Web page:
Title: The Reason I Jump: THe Iner Voice of a Thirteen-Year-Old Boy with Autism
Author: Naoki Higashida. Translated by K.A.Yoshida and David Mitchell
Publication: 27th August 2013 by Random House
Around the World in 52 Books Challenge– A New York Times best seller
Written by Naoki Higashida, a very smart, very self-aware, and very charming thirteen-year-old boy with autism, it is a one-of-a-kind memoir that demonstrates how an autistic mind thinks, feels, perceives, and responds in ways few of us can imagine. Parents and family members who never thought they could get inside the head of their autistic loved one, at last, have a way to break through to the curious, subtle, and complex life within.
Using an alphabet grid to painstakingly construct words, sentences, and thoughts that he is unable to speak out loud, Naoki answers even the most delicate questions that people want to know. Questions such as: “Why do people with autism talk so loudly and weirdly?” “Why do you line up your toy cars and blocks?” “Why don’t you make eye contact when you’re talking?” and “What’s the reason you jump?” (Naoki’s answer: “When I’m jumping, it’s as if my feelings are going upward to the sky.”) With disarming honesty and a generous heart, Naoki shares his unique point of view on not only autism but life itself. His insights—into the mystery of words, the wonders of laughter, and the elusiveness of memory—are so startling, so strange, and so powerful that you will never look at the world the same way again.
This book wasn’t what I was expecting. I was expecting an author to have sat down with a boy with autism after an interview or two with him and to have taken his answer and put it into eloquent paragraphs for a long book. What this was was much better. At the top of each page was a question and Naoki Higashida’s responses, as best as he could, for his own personal reactions and why he feels other people may react in that way.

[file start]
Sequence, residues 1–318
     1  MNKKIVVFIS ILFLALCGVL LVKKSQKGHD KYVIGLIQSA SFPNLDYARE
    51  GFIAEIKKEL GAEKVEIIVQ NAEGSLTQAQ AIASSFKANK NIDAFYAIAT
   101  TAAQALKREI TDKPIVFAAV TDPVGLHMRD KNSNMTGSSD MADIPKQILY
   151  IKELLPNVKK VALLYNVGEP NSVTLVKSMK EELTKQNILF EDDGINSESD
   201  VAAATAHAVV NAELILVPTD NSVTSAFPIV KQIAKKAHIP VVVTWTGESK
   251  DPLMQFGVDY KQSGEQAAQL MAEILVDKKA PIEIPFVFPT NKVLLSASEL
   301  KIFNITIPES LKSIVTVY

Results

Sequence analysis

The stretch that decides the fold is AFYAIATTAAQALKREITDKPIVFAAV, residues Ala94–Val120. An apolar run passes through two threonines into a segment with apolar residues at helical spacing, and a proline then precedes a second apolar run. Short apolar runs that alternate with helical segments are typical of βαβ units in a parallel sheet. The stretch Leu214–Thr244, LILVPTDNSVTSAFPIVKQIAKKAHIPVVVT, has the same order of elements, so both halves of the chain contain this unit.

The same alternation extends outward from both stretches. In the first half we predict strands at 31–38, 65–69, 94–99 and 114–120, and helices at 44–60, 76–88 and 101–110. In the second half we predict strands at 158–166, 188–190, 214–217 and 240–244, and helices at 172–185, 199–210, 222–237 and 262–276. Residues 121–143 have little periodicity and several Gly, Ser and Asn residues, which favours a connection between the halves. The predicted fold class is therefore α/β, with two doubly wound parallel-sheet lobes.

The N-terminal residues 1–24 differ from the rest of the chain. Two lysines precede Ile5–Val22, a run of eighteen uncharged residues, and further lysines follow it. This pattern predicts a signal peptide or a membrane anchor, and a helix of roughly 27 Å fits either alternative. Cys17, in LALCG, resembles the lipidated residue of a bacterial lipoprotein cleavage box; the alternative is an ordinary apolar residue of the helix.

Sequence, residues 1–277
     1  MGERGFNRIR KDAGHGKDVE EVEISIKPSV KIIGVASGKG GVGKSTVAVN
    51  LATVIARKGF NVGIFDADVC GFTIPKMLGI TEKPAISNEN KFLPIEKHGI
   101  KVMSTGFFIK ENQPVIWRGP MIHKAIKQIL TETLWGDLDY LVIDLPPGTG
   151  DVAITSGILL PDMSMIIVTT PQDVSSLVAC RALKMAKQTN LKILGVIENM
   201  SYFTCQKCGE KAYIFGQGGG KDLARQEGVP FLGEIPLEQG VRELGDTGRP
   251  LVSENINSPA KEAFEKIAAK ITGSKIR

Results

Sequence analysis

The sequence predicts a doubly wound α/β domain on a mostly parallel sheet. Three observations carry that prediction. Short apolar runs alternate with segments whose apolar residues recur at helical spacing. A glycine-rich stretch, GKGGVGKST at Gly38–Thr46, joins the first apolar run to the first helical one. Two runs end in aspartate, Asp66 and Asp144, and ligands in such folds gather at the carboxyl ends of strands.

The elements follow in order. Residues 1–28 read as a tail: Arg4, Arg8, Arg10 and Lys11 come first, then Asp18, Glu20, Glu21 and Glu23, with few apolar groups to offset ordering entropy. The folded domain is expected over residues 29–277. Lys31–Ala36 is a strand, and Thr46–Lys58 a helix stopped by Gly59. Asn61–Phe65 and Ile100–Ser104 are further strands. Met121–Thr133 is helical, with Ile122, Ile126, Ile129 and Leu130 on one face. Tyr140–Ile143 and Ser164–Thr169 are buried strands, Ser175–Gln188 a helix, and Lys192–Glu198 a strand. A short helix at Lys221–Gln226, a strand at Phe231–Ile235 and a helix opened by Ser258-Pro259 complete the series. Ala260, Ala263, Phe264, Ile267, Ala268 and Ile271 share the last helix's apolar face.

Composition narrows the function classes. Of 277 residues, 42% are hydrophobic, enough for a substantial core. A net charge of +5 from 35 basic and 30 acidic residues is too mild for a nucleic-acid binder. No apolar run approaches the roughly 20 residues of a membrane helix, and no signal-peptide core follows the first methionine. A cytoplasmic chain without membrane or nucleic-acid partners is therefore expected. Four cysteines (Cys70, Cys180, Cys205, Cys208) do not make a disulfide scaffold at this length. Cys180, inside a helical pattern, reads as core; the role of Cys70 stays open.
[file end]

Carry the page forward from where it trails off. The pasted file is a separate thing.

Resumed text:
If you know anyone with autism or have read about it, you know that every person is completely different and autism is a wide spectrum. Just because one person with autism does not like to be touched, does not mean that another person doesn’t either, just because one person has trouble with speech doesn’t mean that another person would. With this in mind, this book is a wonderful insight into Naoki’s mind, and elements can definitely be applicable to other people but it is in no means a help guide or a fact book.
When you read information about Autism, it is usually written by Ed psychs, psychologists and doctors that have studied it. It is based on their research and their discussions and observations. It is rarely written directly by a person who lives it. Especially by a person with limited verbal communication skills. It was therefore incredibly interesting to read why Naoki feels he reacts to certain things in certain ways. For example, many children with autism run away. Naoki explains that is not because he means to, it’s because his mind is on a certain place and before he even notices it his body is flying to that room. Similarly he explains that he feels that some people seem emotional not necessarily because they’re upset but because they’re remembering something happy.
Everybody has a heart that can be touched by something. Crying isn’t necessarily about sadness or meltdowns or being upset. I’d like you to bear that in mind, if you would.
Baring in mind how every person is different, I did find it very frustrating when the said “us” and “all” generallising all people with autism, when this is clearly not the case.
Additionally, although I found it interesting, I am skeptic of how much was written by Naoki. As a thirteen year old with limited verbal communication skills I do find it difficult to believe that he, independently, wrote things like
We just want to go back. To the distant, distant past. To a primeval era, in fact, before human beings even existed. All people with autism feel the same about this one, I reckon.
It states that he was supported by his mother and a facilitated communication, then translated. I wonder how much was embellished.
A very interesting read, with some interesting insights, but definitely not to be read as a face-fact book.